“Away from home in a country far away, even the springtime sun is gray.”Russian proverb
The first translation into English of Solzhenitsyn’s memoirs of his years in the West, Between Two Milestones (University of Notre Dame Press, 2018) covers the years 1974-78 (the second, forthcoming book will look at the years 1978-94). Having spent twenty years of his life in exile, and eighteen of them in the United States, Solzhenitsyn found himself between the “two milestones” of the totalitarian Soviet Union, from which he had been forcibly exiled in 1974, and the West, whose consumerism, materialism, and loss of spiritual purpose he roundly criticized. As the excellent introduction by Daniel Mahoney makes clear, in his vocation as a literary writer and political prophet, Solzhenitsyn also was torn between his admiration for the West and fear that it had lost its nerve against the Soviet Union. From these memoirs we see that Solzhenitsyn was an independent and clear-sighted thinker who abhorred the ideological cant of both Soviet communism and Western democratic liberalism. Seeking a different way from both East and West, Solzhenitsyn recorded his thoughts while in exile, which are now are finally available for the public to read.
“Between Two Milestones is a testament not only to the courage and clear-sightedness of Solzhenitsyn, but also to the evils of the Soviet Union and the pathologies that still plague the West.”
The memoirs are divided into five chapters centered around a particular theme that both existentially and intellectually preoccupied Solzhenitsyn. Chapter one, “Untethered,” accounts for Solzhenitsyn’s time in Europe before departing to the United States. Solzhenitsyn’s silence to the press after he had been exiled was not only a great disappointment to the media who had come from all corners of Europe to interview him, but a foreshadowing of his fractious relationship with them in the future. From Germany to Switzerland to Norway and France and elsewhere, Solzhenitsyn met dignitaries, writers, and an assortment of Russian exiles. But throughout this time he worried about his family and his archives back in Russia.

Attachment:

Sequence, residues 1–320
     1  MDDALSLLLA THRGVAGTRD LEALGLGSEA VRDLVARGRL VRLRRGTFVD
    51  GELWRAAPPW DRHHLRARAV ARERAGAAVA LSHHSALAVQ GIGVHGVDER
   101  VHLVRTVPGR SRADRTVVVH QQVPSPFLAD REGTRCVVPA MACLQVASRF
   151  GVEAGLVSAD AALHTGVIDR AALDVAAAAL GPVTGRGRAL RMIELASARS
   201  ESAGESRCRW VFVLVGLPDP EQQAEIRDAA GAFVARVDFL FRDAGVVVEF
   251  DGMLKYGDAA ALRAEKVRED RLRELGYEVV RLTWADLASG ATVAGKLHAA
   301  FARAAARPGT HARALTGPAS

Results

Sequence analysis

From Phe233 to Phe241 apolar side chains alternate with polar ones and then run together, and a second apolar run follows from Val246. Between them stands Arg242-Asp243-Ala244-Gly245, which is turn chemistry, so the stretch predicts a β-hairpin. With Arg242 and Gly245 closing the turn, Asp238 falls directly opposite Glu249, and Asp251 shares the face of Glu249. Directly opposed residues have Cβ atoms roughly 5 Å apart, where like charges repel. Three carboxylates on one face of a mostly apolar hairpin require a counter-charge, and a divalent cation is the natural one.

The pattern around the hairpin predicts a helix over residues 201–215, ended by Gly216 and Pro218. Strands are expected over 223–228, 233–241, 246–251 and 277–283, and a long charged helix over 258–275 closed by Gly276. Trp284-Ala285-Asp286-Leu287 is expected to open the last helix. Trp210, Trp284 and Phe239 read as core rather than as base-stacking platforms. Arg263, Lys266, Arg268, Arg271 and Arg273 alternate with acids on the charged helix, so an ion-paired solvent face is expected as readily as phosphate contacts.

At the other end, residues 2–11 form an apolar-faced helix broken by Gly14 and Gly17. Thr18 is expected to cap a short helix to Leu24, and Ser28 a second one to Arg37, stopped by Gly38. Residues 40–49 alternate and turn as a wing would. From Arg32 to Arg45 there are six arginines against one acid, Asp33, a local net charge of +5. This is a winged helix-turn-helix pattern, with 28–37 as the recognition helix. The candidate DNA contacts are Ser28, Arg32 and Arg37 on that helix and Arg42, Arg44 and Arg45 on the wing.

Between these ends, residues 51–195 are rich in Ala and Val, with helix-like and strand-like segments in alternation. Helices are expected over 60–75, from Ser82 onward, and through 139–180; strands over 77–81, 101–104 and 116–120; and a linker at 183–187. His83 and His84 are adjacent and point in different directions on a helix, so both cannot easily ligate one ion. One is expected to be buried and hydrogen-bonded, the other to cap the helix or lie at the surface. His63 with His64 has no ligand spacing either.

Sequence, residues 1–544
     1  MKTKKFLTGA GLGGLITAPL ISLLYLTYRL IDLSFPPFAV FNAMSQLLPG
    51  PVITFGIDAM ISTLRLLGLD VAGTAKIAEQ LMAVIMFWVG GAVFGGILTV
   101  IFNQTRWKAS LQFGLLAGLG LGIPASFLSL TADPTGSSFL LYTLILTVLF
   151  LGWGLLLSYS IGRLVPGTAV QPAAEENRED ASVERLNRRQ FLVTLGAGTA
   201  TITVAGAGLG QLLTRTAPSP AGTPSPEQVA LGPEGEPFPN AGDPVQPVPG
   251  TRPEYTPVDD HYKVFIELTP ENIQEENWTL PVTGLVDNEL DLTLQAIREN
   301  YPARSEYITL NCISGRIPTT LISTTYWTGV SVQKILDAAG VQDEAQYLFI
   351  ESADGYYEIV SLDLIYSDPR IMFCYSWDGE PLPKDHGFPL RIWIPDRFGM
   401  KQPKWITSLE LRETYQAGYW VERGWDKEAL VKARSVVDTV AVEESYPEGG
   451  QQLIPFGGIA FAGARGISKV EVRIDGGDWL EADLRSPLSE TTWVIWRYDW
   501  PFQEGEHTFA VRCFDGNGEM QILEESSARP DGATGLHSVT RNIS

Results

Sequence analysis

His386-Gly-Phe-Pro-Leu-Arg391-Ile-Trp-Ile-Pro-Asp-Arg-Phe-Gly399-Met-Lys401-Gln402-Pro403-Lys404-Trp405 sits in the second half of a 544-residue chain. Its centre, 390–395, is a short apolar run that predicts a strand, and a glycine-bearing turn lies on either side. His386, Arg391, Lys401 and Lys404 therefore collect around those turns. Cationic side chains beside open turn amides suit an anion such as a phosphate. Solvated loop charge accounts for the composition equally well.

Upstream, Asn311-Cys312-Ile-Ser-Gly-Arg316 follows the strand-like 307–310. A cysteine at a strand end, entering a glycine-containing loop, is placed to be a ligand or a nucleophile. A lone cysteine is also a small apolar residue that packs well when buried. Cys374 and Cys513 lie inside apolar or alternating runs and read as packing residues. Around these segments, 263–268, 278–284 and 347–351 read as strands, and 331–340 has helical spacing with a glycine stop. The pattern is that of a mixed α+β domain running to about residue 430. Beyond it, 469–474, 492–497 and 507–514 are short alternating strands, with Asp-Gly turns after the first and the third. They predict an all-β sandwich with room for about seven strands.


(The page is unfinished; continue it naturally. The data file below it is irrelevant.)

It was also during this period that Solzhenitsyn wrote about his dispute with Sakharov regarding Letter to the Soviet Leaders; his decision to leave four-fifths of his royalties to the Russian Social Fund that would help Russian prisoners and persecuted victims; and his desire to move to Canada or the United States, since “It would…be good to have the children learn English, the most international language in the world.”
After his archives and his family finally arrived in Europe to join him, Solzhenitsyn resumed work on The Red Wheel, accepted his Noble Prize, dealt with the Swiss bureaucracy about speaking about politics, and tried to comprehend the idea of having “days off” (vacation). It is evident how important the Russian Orthodox Church was to Solzhenitsyn as he attended service and spent time with priests and writers who defended the Church. Yet perhaps most striking was Solzhenitsyn’s stay at the Canton of Appenzell; it had a vibrant Catholic culture and its elected leader spoke of the responsibilities that accompany rights in order for citizens to be free. For Solzhenitsyn, this idea was what both the Soviet Union and the West needed to be spiritually healthy civilizations.
Aptly entitled “Predators and Dupes,” chapter two recounts Solzhenitsyn’s life in the Soviet Union during the 1960s and his dealings with Western publishers, who had a “mistrustful, corrosive, litigious approach” compared to the “boundless, self-sacrificing straightforwardness” of the East. The problems of translating Cancer War, First Circle, Archipelago, and August 1914 were partially mitigated by the hiring of a lawyer in the West (the Solzhenitsyns were not aware that literary agents existed), although the KGB continued to throw up roadblocks and Westerners took advantage of the situation, particularly the Carlisles. It was only when Éditions du Seuil took over the literary management of Solzhenitsyn’s affairs in 1974 that the writer began to be compensated fairly for his works.